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Something Like a War: An Account of Injustice

Something Like a War is a thought-provoking examination of India’s family planning program from the point of view of the women who are its primary targets. It traces the history of the family planning program and exposes the cynicism, corruption and brutality which characterizes its implementation. As the women themselves discuss their status, sexuality, fertility control and health, it is clear that their perceptions are in conflict with those of the program.

Credits: The Telegraph

In late December 2020, Muskan Jahan (right), a 22-year-old woman suffered a miscarriage when she was detained under the UP Prohibition of Unlawful Conversion of Religion Ordinance 2020 pursuant to a report by members of Bajrang Dal. She alleged that district hospital administered injections which caused her to bleed profusely and lose her child as a result.

Muskan and her child became a victim to the controversial ordinance, though it isn’t the first time in Indian history that a woman had to bear the brunt of atrocious and inhumane legislations. Such events hark back to 1976 during India’s Emergencythe dark age of Indian democracy. The constitution act of 1976, amended by Indira Gandhi during the emergency provided central government with the right to execute family planning programs that led to compulsory sterilization campaign in which millions were incentivised/forced for sterilisation. “Something Like A War,” directed by Deepa Dhanraj is a documentary released in the year of 2003 that documents the cynicism and brutality of India’s family planning program.

Spearheaded by Rajiv Gandhi, the family planning program led to millions of men receiving vasectomies. Following several outbursts and protests, the country switched to targeting women through coercion for they were less conducive to retaliation. The 63-minute-long documentary strips away the sheen of what was dubbed by Rajiv Gandhi as, among many things, a means to eradicate poverty, as it provides a vivid narration through the point of view of women who became the ideal target for what turned out to be failed program. Something Like A War, captures several accounts of women who were coerced by the government to undergo tubectomies or receive birth control devices.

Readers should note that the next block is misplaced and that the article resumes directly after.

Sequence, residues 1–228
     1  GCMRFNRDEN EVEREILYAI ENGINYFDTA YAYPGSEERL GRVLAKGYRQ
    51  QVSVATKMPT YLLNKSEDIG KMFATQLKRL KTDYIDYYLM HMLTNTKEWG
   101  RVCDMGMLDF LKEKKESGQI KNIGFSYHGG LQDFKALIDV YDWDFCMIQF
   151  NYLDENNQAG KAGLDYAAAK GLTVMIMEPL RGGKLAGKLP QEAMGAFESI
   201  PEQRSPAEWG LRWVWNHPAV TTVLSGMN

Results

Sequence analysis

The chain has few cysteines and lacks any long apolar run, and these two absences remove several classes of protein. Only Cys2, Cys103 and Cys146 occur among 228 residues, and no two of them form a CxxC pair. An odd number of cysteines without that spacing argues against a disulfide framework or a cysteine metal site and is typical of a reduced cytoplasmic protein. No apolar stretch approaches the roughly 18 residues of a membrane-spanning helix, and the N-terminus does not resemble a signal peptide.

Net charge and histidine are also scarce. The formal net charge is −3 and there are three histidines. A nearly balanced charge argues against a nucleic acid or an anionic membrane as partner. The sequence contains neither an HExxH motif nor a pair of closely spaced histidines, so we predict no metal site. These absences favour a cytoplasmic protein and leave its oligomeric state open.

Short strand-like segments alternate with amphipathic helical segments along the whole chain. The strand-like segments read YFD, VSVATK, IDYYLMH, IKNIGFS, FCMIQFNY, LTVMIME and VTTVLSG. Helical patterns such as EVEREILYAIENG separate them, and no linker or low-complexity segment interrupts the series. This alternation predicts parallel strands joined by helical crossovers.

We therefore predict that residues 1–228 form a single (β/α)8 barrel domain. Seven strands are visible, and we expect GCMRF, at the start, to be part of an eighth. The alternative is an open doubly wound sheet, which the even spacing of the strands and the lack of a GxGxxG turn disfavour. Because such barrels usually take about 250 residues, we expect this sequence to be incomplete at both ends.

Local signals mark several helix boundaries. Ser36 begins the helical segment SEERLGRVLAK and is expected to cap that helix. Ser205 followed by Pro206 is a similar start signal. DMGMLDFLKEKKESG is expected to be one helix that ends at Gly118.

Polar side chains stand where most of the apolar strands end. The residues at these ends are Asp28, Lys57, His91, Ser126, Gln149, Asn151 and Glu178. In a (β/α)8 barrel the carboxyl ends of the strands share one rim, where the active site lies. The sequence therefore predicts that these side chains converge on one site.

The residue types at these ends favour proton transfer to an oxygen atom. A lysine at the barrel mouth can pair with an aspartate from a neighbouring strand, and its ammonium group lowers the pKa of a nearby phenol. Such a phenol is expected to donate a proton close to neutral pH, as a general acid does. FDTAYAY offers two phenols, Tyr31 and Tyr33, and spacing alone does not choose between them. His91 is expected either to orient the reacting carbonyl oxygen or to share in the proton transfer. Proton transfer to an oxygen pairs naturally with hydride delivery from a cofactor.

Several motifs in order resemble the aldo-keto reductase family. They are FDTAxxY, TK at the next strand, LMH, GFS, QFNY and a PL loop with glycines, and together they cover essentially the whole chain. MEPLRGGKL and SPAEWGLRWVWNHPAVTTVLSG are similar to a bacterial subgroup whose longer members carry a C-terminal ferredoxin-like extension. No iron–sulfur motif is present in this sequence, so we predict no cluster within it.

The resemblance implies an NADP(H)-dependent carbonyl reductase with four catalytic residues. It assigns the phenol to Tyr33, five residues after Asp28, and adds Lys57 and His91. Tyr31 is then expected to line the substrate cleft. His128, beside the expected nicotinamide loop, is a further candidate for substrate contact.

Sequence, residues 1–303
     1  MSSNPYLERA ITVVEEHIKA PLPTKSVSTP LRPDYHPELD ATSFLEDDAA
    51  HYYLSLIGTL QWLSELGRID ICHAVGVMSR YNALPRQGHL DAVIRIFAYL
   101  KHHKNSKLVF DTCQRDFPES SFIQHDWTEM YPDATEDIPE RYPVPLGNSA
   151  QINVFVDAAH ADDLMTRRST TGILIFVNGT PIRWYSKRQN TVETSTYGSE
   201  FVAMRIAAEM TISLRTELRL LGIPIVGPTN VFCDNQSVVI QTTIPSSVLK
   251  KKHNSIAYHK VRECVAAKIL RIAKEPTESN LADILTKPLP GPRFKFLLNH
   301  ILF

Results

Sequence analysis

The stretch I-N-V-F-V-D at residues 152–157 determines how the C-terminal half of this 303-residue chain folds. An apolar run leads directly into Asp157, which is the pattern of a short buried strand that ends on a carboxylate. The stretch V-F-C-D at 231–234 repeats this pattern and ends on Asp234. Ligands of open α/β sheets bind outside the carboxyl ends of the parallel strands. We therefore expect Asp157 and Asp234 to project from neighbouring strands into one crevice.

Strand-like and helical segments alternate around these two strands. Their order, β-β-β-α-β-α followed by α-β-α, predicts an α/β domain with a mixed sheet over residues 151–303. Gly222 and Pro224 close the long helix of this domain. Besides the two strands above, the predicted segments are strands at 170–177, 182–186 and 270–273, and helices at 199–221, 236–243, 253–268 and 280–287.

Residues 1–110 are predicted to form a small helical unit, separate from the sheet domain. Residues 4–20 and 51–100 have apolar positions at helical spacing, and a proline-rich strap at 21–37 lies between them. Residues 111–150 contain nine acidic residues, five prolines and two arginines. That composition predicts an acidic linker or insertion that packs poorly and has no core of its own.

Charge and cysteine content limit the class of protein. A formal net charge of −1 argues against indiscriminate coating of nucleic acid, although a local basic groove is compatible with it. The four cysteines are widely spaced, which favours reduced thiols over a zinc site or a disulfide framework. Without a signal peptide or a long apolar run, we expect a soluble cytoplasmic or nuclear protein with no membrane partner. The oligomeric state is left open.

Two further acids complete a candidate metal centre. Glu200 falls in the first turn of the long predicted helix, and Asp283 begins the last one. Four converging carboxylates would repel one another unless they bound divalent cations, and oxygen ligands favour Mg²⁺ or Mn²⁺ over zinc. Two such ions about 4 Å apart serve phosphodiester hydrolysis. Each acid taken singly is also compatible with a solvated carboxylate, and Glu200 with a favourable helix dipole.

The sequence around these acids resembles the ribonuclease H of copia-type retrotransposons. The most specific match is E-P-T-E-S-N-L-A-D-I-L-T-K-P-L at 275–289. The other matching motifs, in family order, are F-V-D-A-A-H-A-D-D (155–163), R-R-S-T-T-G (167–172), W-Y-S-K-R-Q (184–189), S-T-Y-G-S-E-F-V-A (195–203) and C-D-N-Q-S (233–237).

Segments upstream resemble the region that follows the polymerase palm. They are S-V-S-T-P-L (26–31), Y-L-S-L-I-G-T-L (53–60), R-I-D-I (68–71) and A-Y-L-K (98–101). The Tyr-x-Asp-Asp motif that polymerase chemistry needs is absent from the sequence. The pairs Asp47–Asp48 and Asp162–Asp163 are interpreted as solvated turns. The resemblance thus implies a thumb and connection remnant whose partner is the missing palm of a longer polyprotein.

In one of her speeches, Indira Gandhi said “some personal rights have to be kept at abeyance for the human rights of the nation,” and that is what was practiced during the time. It documents how women were used as guinea pigs as NORPLANT trials were conducted on 3500 women without consent. Salaries were withheld until people found “willing cases” for sterilisation, lies were sold and people were coerced to participate in the drive. Several women died post procedure and many others faced complications as a result of botched surgeries.

Shot with fastidious care, it provides an insight to women’s status in India and underlying patriarchy in the society as a group of women discuss among themselves, their status and sexuality. Cinematographer Navroze Contractor captures through his lens, the misery, anger and a helpless desire to be heard etched deep within them as they discuss how they are deemed necessary only if they give birth to a male child. Commenting on several other topics such as the hush hush around talks about menstruation, with accounts of sexual abuse and women made ashamed of their own body, Deepa Dhanraj exposes the injustice they face. It provides a grim but accurate representation of women in India all while highlighting the various social factors that influenced the reproductive choices they made during the Emergency.

Deepa Dhanraj’s Something Like A War examines, with artistic magnificence, how women were subjected to injustice as the government was deaf to all entreaty in the name of social reform and briefly comments on the insinuated role of women in Indian society.

Md. Saemul Haque Noori is a student pursuing English Literature from Jamia Millia Islamia.

Edited by: Varda Ahmad

Disclaimer: The opinions expressed in this publication are those of the author. They do not purport to reflect the opinions or views of The Jamia Review or its members.

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